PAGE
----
My first job out of college was at amazon.com. When I was in school, I was obsessed with Silcon Valley and startups. A small example -- I founded the Princeton Entrepreneurship Club -- which came about because I emailed a future professor of mine, Ed Zschau [link] (who was a former entrepreneur, venture capitalist, member of the House of Representatives, and newly appointed Princeton professor) -- I said that I loved what he had done in his life and if we could meet. This was *before* I matriculated and years before I was even eligible to take his class. He encouraged my goals and I was one of the co-founders of the Entrepreneurship Club which ran an annual $10K business plan competition (sponsored by a partner from Greylock.) When I got the job offer from amazon.com, I thought it was perfect -- I didn't have to take the risk of working for an unknown company (particularly in terms of resume risk) and while I wasn't in Silicon Valley, I would still be in an important tech center -- Seattle. Wrong. Seattle is absolutely nothing like Silicon Valley. It's a wonderful, sleepy little town with a handful of tech companies but it pales in comparison to Silicon Valley. It's not much smaller, it's orders of magnitude smaller in terms of volume, energy, attitude, and ambition.

So when I decided i wanted to be an actor in film/TV -- I told myself not to make that same mistake again -- to move to the nexus of entertainment, Los Angeles (first phase).

The first two examples I talked about above (the voice-over artist and Tony Reali) -- I think is an example of literally putting yourself in the right social circle -- in those cases, it's working in a place where stuff is being made (second phase). Undoubtedly, there's a large element in those stories of luck -- being in the right place at the right time. But here's where it's not luck. My friend who told me the story of the voice-over artist -- he told me that story because his friend asked him to learn how to become an assistant editor, to apprentice under him, and to work at that production house. His friend knows that he wants to be an actor and the folks at the production house have actually already seen some of his commercial work and think it's good. Now, if he takes that job -- and goes into that production facility a few times a week (the job is really flexible to allow him to still audition, etc.) -- what are the odds that every so often one of the directors or producers needs a last minute replacement for a commercial or film or something else and says, "Hey -- what about...?" There's real value in that.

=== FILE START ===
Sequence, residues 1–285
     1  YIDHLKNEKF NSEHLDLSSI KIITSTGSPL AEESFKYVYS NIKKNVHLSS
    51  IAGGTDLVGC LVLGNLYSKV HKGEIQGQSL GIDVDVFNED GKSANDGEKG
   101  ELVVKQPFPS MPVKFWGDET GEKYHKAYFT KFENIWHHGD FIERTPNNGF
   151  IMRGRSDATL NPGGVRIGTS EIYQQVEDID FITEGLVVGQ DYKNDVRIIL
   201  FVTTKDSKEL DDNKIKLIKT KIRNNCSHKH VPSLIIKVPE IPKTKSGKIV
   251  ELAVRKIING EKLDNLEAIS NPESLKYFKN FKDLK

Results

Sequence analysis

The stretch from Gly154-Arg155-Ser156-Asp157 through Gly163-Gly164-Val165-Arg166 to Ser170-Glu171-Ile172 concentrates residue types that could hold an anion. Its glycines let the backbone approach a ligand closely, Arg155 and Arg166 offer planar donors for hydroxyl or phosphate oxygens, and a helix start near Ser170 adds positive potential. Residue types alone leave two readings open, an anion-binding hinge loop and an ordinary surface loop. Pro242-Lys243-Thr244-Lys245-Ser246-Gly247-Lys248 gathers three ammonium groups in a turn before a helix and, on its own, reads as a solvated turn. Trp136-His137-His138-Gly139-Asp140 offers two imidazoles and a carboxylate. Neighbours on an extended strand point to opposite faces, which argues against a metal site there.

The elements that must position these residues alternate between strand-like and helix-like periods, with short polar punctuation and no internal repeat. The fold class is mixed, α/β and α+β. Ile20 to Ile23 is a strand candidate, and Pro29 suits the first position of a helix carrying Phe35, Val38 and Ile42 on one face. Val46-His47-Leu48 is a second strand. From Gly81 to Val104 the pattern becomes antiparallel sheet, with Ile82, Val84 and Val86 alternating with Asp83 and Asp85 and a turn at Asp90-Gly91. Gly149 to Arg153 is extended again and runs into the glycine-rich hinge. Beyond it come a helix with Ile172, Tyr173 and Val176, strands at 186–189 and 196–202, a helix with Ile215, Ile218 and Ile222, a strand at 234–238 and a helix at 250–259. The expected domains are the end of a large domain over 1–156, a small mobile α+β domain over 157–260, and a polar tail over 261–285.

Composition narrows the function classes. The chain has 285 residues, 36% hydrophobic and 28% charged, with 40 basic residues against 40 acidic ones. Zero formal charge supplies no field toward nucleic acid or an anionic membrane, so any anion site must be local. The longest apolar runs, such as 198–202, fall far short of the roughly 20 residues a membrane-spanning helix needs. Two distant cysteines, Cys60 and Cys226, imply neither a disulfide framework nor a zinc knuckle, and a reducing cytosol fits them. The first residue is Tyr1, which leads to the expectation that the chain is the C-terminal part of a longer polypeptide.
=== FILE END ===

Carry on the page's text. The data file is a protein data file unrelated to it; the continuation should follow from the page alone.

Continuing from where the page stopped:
The last example (and I think a great example of the third phase) is the Funny or Die example I mentioned. What I left out of that story is that on stage were 8 people from Funny or Die. 2 of them were part of their corporate arm -- generating business by selling studios / productions companies / etc. on hiring Funny or Die to make humorous videos for them. (An example is Steve Carrel's latest movie, "Crazy, Stupid, Love" -- they made a short web video promoting the film.) The other 6 people on stage were all writer/directors. They work at Funny or Die -- the way they described it almost sounded like a startup in terms of how packed in they were in a room -- just rows of desks and people sitting around writing and chatting and talking. They then go produce as much as they can and pull the other people there into their productions either as actors, sound guys, cameramen, editors, or whatever -- and keep getting better and better at their craft. They're all tied together by a love for comedy and an ambition to have a career in entertainment writing, producing, directing, or acting. 

Last Friday, my friends and I shot a new web series which we hope to launch in the next week or two. Depending on whether or not we can get a certain location, we might shoot a short film this weekend. We filmed my first project, "The Consultants" [link], over a year and half ago -- so it's taken a long time to start figuring out how to produce more often (and, consequently, act more often). I'm not saying that I've figured it out on any level -- just that I'm so much more cognizant now of trying to figure out, "Ok -- here's the type of work I want to do and the type of people I'd like to have in my life -- the people I'd like to collaborate with / work with as well as here are my own individual sticking points which are preventing me from accomplishing as much as I want to here." So I'm pushing myself to find or build that ecosystem where I can work more often and my work can keep getting better.

I know a lot of people who are completely contrary to these ideas. Startups that are in Los Angeles, documentary filmmakers in Michigan, actors in San Francisco. A question I get from startups with some frequency -- where should I locate my startup or should I move my startup to Silicon Valley? My answer is always along the lines of, "You don't necessarily have to, but it sure gives you a much better chance at it. If you decide not to, which is totally fine, just know what you're giving up and be comfortable with it." In terms of my own ambitions in acting and entertainment -- I'm certainly looking at that question from a much different place than when I answer tech questions (i.e. I'm looking up, wondering if it will ever happen.) But that response is the same thing I tell myself -- from location to social network to close collaborators -- finding the right alignment will give me a much better chance at success. Though I will say that in my case, I've struggled enough to know precisely what I am giving up if I don't have each of them.